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From Denial to Responsibility – Connected Health Can Make Us All Accountable for Our Care

December 2, 2014

My dad was a wonderful guy who could fill the room with his personality.  He grew up during the Great Depression and was a World War II veteran.  I was thinking of him recently while considering how much health care delivery has changed in the last 100 years.


When asked about his health, my dad would always say, “I feel great.  I don’t have any aches or pains.”  This is telling. His generation equated pain with the need to seek care from an expert.  After all, he grew up before Penicillin was discovered.  During that time, given what we knew about health and disease and what we could offer for treatment, it makes sense that people sought the care of a physician when they ‘weren’t feeling well.’


We’re now in an era where chronic illness management and prevention accounts for 70% of health care costs.  Of the forces responsible for illness — bad luck, bad genes and lifestyle — lifestyle is the predominant cause of chronic illness.

Our public health officials understand this important change, but consumers by and large still do not.  They still mostly seek care when there is some symptom or acute need. This is problematic because so much lifestyle-driven illness is silent for years (hypertension, pre-diabetes, obesity) and only generates symptoms when things are pretty far along.

The other interesting aspect of my father’s adage is the denial underneath it.  He was really saying, at some level, “If I don’t have any symptoms, I’d just as soon avoid the doctor so I won’t get any bad news.”  This psychology too is quite prevalent among consumers today, adding to the challenge of raising awareness of lifestyle-driven illness.  It is easy and human nature, to live in denial.

Another childhood memory I have is how kind my mom was whenever I was under the weather. She gave us extra love, as if that would help the illness improve more rapidly.  Given that most childhood illnesses are viral infections, I suspect her added affection didn’t change the course of any illness, but she made it tolerable to be sick.

We all want to be cared for.  This enables a child-like approach to the health care system.  It is common for patients to come to see us joking about non-compliance and begging, “Don’t yell at me.”  Likewise, they boast about their doctors, implying that they can put all of their worries aside:  “She’ll make sure I am ok.  I trust her.”

This triad of not thinking about health until symptoms arise, not wanting to hear bad news and abdicating responsibility for care to a health care provider accounts for a big part of why it is so difficult for physicians to get folks’ attention before they get sick.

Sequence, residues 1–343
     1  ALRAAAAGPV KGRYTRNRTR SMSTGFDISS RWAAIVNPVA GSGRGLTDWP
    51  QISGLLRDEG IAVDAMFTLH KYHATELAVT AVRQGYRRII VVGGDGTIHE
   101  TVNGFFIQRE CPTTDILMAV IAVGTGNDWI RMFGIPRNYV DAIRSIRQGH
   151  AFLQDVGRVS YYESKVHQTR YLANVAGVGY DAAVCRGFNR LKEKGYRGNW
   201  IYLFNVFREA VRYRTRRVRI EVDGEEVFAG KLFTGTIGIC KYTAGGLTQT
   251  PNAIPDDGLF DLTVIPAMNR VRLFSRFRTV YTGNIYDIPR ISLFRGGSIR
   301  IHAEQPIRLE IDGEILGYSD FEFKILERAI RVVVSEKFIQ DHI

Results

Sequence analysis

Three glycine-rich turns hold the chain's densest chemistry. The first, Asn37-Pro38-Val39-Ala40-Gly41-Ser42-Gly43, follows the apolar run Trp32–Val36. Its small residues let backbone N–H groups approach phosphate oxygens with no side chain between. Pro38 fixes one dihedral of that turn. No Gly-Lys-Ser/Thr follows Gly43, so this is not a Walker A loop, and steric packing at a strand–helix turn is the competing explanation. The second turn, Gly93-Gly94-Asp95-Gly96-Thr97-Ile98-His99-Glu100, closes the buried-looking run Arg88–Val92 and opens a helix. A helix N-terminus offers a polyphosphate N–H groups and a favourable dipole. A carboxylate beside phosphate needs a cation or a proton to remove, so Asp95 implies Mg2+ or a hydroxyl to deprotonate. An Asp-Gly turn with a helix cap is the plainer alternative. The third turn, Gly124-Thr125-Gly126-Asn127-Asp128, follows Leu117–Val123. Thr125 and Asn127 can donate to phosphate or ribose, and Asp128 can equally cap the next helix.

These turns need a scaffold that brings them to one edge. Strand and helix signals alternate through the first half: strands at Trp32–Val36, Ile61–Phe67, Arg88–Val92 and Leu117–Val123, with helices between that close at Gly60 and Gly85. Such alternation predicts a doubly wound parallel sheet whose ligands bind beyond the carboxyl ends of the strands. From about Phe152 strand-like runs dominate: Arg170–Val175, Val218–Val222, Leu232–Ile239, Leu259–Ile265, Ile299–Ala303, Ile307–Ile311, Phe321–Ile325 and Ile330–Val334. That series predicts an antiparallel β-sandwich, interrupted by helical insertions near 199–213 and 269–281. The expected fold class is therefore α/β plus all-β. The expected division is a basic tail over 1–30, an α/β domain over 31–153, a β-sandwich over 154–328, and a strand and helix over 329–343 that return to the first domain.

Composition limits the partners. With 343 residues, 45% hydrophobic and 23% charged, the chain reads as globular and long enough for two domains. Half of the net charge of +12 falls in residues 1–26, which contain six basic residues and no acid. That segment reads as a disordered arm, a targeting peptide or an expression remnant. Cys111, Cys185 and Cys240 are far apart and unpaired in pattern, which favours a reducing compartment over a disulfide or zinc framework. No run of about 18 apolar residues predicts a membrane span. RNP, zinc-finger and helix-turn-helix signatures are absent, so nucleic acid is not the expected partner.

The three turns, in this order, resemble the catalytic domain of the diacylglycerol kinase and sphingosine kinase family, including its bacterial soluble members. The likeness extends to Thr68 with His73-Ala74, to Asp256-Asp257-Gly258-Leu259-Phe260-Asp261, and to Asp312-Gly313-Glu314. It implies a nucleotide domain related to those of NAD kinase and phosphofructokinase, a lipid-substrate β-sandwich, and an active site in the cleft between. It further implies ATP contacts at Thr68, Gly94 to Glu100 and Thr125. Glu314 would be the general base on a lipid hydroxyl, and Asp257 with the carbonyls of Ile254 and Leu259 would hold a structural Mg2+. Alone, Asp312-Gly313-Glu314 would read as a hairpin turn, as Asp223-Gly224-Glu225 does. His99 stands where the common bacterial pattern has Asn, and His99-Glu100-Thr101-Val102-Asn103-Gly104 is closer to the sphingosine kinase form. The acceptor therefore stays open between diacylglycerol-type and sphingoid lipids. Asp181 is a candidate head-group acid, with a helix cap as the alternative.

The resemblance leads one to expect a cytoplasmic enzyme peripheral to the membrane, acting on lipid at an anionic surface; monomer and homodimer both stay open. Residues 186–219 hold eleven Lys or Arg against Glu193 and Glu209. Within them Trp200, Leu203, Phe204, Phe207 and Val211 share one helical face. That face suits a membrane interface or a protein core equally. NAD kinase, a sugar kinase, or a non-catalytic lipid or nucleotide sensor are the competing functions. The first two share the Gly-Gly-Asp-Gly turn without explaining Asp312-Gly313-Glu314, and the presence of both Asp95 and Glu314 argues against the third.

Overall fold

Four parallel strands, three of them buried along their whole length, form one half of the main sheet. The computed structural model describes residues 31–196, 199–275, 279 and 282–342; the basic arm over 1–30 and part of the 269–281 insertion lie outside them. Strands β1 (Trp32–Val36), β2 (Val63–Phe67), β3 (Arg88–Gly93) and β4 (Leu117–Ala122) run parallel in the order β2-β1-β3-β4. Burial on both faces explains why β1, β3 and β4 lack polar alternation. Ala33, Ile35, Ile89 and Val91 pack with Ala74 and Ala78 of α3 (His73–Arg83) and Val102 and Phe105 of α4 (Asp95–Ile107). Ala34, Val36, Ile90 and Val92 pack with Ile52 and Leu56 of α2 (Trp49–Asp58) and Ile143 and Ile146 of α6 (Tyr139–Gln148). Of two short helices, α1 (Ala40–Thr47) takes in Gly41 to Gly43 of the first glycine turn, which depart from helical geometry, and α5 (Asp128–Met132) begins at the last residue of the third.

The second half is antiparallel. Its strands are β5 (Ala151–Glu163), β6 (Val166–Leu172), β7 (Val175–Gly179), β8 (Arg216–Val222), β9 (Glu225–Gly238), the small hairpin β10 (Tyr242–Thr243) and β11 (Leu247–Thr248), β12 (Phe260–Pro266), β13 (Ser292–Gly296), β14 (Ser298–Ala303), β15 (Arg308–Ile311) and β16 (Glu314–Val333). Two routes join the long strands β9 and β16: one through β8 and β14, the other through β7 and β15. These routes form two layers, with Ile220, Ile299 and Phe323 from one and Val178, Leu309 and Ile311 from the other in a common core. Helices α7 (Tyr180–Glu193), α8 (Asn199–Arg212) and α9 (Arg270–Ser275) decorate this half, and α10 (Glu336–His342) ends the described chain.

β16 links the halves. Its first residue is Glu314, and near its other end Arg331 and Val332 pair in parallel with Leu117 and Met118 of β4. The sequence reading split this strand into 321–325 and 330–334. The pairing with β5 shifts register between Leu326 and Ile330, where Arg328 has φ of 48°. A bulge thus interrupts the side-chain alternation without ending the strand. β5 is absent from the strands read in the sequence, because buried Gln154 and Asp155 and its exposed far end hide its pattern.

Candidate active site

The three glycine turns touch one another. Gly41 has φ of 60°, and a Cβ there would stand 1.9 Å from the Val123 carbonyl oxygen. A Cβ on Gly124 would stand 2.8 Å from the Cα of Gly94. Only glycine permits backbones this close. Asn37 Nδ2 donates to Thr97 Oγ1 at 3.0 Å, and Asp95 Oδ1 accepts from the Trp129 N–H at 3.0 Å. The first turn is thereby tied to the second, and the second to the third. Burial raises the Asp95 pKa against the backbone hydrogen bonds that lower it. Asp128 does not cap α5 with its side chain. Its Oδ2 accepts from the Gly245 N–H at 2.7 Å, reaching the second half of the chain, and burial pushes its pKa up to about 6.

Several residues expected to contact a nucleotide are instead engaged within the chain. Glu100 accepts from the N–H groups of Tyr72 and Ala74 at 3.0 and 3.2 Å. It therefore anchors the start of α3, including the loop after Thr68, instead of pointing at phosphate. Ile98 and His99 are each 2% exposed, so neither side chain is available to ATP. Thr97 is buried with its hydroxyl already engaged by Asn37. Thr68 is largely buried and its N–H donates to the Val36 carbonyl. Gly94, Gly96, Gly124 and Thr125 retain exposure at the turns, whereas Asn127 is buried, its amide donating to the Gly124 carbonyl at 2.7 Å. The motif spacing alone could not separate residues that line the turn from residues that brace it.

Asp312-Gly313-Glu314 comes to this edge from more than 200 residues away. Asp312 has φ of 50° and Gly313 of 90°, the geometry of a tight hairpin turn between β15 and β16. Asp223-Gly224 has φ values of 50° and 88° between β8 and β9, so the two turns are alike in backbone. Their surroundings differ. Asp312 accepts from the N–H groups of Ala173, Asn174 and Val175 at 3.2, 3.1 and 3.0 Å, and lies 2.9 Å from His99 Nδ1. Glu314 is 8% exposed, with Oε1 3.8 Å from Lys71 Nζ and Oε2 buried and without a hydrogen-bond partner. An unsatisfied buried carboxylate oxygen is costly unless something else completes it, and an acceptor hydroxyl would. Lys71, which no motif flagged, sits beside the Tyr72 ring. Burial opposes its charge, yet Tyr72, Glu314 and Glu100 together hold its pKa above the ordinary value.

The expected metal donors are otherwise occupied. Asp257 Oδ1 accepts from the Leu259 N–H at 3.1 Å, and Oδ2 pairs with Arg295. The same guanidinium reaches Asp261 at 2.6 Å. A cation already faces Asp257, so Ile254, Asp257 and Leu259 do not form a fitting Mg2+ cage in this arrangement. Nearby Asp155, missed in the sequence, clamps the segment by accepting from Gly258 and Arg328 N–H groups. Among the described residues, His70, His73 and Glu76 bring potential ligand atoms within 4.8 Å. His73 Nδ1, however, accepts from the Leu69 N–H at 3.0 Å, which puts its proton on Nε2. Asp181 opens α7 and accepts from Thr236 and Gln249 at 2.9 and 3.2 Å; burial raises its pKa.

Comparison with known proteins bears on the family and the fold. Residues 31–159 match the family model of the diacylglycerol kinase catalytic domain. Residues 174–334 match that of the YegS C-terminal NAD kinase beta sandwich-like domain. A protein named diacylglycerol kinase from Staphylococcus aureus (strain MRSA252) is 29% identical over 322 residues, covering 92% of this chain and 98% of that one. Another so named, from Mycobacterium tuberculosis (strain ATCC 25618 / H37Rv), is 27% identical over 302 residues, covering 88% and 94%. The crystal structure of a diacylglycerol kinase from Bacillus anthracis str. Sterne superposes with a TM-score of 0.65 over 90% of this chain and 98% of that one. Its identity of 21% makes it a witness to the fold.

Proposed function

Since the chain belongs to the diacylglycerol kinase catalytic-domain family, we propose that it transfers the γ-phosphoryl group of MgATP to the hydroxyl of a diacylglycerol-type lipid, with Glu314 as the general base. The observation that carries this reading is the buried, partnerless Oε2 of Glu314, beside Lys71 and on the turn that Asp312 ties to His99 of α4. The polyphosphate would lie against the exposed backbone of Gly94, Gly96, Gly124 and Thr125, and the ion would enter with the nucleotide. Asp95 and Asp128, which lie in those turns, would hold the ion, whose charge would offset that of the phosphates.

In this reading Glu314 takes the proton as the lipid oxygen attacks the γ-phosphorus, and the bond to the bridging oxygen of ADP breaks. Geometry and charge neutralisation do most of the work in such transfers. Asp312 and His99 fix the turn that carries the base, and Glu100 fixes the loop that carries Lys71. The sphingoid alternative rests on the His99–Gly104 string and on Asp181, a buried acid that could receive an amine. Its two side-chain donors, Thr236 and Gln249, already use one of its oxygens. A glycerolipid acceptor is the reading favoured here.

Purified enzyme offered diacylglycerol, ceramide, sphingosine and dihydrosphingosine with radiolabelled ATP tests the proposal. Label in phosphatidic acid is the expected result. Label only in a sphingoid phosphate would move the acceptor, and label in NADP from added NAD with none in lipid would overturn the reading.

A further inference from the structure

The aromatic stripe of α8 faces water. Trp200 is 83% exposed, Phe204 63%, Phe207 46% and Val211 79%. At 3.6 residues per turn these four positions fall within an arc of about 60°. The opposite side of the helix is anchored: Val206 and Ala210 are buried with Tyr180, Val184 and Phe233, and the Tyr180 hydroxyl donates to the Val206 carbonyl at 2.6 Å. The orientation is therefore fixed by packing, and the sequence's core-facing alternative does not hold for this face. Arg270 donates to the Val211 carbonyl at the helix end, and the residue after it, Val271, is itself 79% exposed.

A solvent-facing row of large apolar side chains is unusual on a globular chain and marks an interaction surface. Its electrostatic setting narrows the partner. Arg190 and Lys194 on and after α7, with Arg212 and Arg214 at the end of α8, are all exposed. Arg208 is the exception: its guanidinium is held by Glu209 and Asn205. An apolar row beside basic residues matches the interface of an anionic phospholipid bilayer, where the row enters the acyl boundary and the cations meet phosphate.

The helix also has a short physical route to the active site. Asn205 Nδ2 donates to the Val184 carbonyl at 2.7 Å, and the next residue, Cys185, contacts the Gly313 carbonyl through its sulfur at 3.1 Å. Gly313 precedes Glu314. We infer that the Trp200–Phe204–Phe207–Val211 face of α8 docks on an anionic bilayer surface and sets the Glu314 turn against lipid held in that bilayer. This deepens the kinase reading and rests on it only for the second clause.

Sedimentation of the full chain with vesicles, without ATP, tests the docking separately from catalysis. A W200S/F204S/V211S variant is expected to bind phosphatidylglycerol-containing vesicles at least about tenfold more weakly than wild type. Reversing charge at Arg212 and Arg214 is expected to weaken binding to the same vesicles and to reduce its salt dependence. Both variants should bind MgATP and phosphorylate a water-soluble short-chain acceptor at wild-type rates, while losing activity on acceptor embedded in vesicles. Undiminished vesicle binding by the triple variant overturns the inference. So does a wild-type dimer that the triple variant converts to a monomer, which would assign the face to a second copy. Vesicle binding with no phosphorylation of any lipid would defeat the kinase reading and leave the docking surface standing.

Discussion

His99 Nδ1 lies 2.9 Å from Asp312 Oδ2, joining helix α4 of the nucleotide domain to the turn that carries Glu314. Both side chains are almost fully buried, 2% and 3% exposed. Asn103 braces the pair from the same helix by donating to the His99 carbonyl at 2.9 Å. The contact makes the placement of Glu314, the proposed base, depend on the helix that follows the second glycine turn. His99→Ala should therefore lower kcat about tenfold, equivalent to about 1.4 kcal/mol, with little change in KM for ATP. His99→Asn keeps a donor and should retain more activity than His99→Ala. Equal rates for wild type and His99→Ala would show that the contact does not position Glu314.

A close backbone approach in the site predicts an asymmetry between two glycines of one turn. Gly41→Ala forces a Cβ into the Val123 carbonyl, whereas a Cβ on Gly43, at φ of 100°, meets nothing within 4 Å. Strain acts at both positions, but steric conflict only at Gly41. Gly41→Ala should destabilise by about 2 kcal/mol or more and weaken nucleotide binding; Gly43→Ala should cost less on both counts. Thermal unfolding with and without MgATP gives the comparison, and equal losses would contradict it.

Connected health can help us counteract these challenges.  The vast array of sensors now available and their attendant feedback loops make it hard to ignore when we’re not on track with our health.  Even if we don’t feel symptoms, we can be reminded several times per day of how we’re doing with respect to a given health parameter.  When these data are shared with a health care provider, it becomes more difficult for individuals to ‘abdicate responsibility,’ something we’ve called the sentinel effect. When patients know their objective health data is being shared with a provider, they naturally up their game to appear to be compliant and interested in their health.  No one wants to look like a slacker in front of their doctor.

But we still have challenges when it comes to denial and individuals abdicating responsibility for their health.  This is magnified because we live in a libertarian society.  It is our right to ignore our health if we choose to; and because our politicians want to offer us ‘coverage,’ we can still get our bills paid in the face of unhealthy lifestyle and behaviors.

What tools do we have to deal with this challenge?

Rewards Football (American) Referee

  1. Incentives/rewards.  We can offer individuals rewards for achieving health goals.  Our connected health sensors can be the source of objective data to automate decision-making around those goals.
  2. Penalties.  As a colleague recently said to me, “There is a continuum.  You start with encouraging your workforce not to smoke and offering them rewards for not smoking.  Next, you give them notice that those who continue to smoke will pay a higher insurance premium.  Finally, you institute a policy to not hire smokers.”

Should we follow this approach with other lifestyle/habits such as physical activity and diet?  Does it seem to invasive?  What do you think?

10 Comments leave one →
  1. Dana Jessup permalink
    December 2, 2014 11:32 am